Thursday, June 4, 2015

Is There Really a She-Wolf of London?

Is June Lockhart a werewolf?
Made at the end of Universal's horror film cycle (1931-1948), She-Wolf  of London is a game attempt to try something different. It has inexplicably generated lukewarm interest over the years. Even the authors of the highly-regarded reference book Universal Horrors dismiss it as "the type of thriller horror fans love to hate." Well, this horror fan rather enjoyed it, even though She-Wolf clearly lacks the Lewton-like psychological complexity and chilling set pieces required of a genuine horror classic.

Set at the turn of the century, She-Wolf  of London stars June Lockhart as Phyllis Allenby, an heiress about to marry a prominent barrister (Don Porter). This news prompts Phyllis's "Aunt" Martha (Sara Haden), who resides at the Allenby estate, to make a startling revelation to her daughter Carol (Jan Wiley). Martha is not Phyllis's aunt, but rather a housekeeper who became the girl's de facto guardian when Phyllis's parents died. Thus, Martha has become concerned about her and Carol's future after the nuptials.

A cloaked figure leaves the mansion.
Meanwhile, a series of murders have taken place at the London park near the Allenby house--with the newspapers suggesting the bloodthirsty killer is a werewolf. It's no wonder that Phyllis turns into a wreck after discovering dried blood on her hands and mud on her shoes the morning following a child's murder. It doesn't help there's a legend about the Allenby family being cursed by wolves (an interesting plot point that deserves more than a fleeting mention).

The central premise is a good one: Are the murders being committed by a werewolf or someone that just wants it to look that way? Twentieth Century-Fox explored the same premise--with better results--in the moody, underrated The Undying Monster (1942). It's superior to She-Wolf, but Universal's effort still holds interest for its 61-minute running time.

Sara Haden as "Aunt" Martha.
Much of the credit goes to Sara Haden and Jan Wiley, who kept me guessing as to which one was the culprit. (I'm not giving anything away here...we see a female cloaked figure in the woods when the murders take place.) I couldn't decide if Aunt Martha was trying to drive Phyllis crazy or protecting her daughter who was either a maniac killer or actually a werewolf.

The supporting cast includes Dennis Hoey as a Scotland Yard inspector, though one that's smarter than the Inspector Lestrade he portrayed in Universal's Sherlock Holmes series. As for Ms. Lockhart, she comes across as a timid lead, lacking much of the warmth she displayed in her later maternal roles on television (e.g., LassieLost in Space).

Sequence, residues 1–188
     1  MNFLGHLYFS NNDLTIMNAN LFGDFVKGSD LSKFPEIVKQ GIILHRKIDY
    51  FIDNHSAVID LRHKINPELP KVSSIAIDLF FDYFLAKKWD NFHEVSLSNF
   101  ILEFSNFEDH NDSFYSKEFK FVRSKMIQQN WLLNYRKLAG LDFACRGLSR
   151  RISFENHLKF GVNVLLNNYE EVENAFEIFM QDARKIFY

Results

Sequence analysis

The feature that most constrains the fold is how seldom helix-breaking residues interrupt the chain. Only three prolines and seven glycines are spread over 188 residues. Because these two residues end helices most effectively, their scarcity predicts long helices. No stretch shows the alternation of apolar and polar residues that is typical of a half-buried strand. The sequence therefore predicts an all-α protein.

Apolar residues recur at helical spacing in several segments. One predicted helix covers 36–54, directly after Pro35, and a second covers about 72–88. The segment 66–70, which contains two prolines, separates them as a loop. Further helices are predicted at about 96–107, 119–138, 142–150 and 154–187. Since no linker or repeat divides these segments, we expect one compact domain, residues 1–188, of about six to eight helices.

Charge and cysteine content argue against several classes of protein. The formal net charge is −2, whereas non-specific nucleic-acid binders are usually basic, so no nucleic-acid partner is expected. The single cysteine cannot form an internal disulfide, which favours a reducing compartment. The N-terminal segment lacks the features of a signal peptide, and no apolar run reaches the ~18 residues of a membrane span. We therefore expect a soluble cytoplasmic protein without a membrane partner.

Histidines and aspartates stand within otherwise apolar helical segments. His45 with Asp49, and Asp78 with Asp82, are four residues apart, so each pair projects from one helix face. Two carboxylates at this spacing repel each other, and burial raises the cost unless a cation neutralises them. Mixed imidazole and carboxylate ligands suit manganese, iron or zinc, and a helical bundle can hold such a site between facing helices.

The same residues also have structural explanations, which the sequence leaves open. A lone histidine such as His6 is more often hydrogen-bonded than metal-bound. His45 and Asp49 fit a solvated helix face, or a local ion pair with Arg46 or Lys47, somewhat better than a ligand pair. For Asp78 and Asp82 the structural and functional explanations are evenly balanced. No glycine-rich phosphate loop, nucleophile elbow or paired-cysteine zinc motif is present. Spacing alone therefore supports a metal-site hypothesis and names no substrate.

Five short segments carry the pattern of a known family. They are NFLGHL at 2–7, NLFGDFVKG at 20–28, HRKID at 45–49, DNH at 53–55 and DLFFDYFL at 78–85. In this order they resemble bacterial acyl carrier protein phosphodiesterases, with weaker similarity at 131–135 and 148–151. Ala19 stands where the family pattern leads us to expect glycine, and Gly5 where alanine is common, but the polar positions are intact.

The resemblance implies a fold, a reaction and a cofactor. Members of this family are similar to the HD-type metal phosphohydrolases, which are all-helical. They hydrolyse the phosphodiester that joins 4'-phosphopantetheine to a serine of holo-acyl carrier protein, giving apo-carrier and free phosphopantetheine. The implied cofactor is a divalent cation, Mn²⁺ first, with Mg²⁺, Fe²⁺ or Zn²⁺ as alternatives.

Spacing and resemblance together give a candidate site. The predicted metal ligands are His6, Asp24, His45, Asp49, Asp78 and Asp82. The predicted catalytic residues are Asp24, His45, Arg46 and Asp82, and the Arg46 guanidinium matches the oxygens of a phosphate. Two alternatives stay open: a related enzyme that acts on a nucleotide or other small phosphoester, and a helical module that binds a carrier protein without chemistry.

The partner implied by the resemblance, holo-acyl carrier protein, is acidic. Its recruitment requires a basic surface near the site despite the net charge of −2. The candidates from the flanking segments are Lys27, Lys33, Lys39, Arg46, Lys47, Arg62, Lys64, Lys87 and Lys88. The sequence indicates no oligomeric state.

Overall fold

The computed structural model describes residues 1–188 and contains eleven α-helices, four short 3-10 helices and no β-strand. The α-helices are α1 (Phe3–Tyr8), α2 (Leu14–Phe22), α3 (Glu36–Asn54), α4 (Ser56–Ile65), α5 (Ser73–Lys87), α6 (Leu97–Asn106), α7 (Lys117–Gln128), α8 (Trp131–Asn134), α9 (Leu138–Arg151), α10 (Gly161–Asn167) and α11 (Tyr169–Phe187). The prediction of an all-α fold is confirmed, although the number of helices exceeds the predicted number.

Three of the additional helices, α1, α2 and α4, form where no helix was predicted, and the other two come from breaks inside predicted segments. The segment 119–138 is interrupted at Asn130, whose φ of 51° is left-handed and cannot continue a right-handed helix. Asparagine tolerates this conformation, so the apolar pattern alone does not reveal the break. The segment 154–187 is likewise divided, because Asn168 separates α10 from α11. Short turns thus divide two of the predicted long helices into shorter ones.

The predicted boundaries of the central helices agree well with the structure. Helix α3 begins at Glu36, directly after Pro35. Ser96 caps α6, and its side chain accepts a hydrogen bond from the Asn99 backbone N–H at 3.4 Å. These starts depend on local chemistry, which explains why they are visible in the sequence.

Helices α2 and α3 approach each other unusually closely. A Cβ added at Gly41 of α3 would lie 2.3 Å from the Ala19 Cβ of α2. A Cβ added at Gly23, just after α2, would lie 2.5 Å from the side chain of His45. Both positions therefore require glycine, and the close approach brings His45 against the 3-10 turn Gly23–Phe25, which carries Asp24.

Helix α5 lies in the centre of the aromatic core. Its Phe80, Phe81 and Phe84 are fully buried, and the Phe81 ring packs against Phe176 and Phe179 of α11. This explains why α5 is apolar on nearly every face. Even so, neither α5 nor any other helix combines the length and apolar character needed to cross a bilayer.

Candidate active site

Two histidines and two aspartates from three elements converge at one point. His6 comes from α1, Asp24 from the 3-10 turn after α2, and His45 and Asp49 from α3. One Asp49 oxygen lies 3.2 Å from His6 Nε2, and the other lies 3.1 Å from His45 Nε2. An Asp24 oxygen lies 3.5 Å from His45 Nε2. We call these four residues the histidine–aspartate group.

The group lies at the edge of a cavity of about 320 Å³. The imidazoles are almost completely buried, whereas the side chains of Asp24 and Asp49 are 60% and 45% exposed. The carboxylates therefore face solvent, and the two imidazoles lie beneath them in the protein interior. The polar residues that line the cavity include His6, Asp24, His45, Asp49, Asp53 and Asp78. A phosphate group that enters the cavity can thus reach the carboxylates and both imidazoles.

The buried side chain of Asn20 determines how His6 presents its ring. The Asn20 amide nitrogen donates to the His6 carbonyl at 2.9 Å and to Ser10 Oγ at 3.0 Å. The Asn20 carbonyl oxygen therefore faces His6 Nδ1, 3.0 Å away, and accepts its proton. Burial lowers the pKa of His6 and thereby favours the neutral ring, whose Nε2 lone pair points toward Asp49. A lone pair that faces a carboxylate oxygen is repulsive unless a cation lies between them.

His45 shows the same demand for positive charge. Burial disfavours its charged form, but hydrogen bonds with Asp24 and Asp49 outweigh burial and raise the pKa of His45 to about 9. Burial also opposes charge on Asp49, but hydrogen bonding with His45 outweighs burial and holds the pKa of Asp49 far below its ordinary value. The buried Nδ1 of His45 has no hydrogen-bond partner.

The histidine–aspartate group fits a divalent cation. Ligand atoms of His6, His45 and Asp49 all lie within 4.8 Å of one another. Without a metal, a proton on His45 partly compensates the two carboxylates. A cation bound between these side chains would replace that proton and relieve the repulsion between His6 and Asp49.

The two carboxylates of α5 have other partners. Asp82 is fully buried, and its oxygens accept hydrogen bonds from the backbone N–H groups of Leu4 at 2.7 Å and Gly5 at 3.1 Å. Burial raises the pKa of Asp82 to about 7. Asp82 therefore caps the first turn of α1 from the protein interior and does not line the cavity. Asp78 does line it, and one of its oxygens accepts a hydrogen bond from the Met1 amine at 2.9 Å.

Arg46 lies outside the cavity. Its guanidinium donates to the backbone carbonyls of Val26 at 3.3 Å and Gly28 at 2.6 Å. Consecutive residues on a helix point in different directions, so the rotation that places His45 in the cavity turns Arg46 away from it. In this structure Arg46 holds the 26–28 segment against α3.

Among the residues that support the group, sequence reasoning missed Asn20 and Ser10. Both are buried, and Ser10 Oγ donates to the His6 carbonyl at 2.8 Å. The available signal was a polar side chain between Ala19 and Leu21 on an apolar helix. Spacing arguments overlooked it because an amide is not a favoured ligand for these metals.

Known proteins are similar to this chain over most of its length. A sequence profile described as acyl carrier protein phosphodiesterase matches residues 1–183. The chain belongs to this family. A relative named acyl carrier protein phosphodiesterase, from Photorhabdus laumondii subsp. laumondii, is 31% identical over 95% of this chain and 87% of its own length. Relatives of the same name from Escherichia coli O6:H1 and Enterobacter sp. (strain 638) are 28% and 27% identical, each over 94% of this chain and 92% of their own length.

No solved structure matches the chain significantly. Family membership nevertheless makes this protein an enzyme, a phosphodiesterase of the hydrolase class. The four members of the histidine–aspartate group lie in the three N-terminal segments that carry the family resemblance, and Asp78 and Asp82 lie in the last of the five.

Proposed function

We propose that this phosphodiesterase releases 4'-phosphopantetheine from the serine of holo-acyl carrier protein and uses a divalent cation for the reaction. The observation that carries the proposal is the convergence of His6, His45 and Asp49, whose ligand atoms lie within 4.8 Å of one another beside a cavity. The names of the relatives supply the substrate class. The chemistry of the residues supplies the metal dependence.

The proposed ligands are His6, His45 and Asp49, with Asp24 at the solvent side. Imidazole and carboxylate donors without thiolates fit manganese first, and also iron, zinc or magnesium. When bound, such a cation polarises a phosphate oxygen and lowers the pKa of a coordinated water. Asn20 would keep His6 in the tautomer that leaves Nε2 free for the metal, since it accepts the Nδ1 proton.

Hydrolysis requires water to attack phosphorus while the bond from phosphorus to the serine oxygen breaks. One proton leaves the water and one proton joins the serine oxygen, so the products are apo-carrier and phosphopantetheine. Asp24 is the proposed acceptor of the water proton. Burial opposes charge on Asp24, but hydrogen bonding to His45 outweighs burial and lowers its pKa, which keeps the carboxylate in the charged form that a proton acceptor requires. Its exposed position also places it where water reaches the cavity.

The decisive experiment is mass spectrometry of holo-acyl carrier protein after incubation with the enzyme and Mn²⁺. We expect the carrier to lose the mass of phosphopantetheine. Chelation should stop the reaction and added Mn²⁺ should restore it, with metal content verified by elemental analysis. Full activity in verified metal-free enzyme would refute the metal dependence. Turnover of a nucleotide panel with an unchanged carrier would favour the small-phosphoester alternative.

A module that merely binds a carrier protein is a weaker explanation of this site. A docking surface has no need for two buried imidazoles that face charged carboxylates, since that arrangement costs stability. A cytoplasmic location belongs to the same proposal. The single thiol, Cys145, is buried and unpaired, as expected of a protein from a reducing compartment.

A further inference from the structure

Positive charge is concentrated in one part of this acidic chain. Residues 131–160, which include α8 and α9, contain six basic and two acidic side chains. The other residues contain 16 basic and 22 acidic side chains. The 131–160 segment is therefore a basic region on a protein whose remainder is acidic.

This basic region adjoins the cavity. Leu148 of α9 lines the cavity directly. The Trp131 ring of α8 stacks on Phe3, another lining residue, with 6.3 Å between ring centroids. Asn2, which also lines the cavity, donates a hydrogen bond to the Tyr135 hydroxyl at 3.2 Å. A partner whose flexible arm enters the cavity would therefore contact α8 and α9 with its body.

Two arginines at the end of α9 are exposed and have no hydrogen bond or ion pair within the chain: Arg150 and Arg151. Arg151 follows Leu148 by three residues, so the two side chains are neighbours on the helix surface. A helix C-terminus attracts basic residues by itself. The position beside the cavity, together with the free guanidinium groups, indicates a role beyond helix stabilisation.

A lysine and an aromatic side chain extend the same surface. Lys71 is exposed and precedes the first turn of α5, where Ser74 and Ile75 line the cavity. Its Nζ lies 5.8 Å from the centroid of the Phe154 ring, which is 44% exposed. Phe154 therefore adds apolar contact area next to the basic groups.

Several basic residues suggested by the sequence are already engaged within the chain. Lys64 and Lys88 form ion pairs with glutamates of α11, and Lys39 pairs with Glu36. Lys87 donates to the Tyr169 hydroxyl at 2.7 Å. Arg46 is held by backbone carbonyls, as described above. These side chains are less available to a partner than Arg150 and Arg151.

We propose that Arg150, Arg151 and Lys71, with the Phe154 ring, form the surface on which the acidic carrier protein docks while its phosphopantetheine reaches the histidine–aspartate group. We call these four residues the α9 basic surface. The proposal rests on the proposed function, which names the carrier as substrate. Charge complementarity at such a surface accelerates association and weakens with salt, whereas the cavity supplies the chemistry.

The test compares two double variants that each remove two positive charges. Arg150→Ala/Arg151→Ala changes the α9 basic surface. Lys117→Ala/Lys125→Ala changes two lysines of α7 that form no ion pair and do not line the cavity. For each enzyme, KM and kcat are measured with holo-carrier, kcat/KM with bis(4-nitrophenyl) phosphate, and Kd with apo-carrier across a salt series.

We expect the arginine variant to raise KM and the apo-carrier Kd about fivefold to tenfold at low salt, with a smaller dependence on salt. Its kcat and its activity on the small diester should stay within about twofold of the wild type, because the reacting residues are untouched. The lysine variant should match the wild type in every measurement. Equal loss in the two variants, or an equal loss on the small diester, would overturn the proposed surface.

Director Jean Yarbrough uses Universal's "hacienda set" (originally built for the studio's Westerns) to substitute nicely for the Allenby mansion. Some outdoor footage makes the production look more expensive, though the California scenery can't pass for a London park. Yarbrough employs some cant shots (i.e., a tilted camera) to make the climax more disturbing (which always reminds me of the Expressionistic photography in The Cabinet of Dr. Caligari).

As pointed out in several sources, Edgar G. Ulmer's Daughter of Dr. Jekyll (1957) is basically a remake of She-Wolf of London. If imitation is indeed a form of flattery, then She-Wolf of London must have other admirers in addition to me.


  1. Speaking of flattery by way of imitation, a bit of it is apparent in "She-Wolf of London," too. A scene with a sinister glass of milk near the conclusion was obviously inspired by a similar one in Hitchcock's "Suspicion."

  2. I also enjoyed "She-Wolf of London" because we were presented with three female suspects for the murders and a fascinating back story as well as an interesting setting and black and white photography. I also noted the glass of milk that Gary referenced. Basically if one is offered milk or orange juice before bed, the latter from "The House on Telegraph Hill", it is wise to refuse them. Great writeup of a much lesser known film, Rick!

  3. I'm quite fond of this female-centric film. Sometimes a really good try is as good as grabbing the brass ring.

  4. The first ( and only ) time my sister and I watched She-Wolf of London was six years ago and she thought the film was very bland....I rather enjoyed it however. We haven't watched it since then, but I'm game for giving it another go!

  5. I thought I had seen all of the classic scary movies, but I never saw this one. June Lockhart -- she will always be associated with Lassie to me, and she is the last person I would ever think of in a werewolf movie!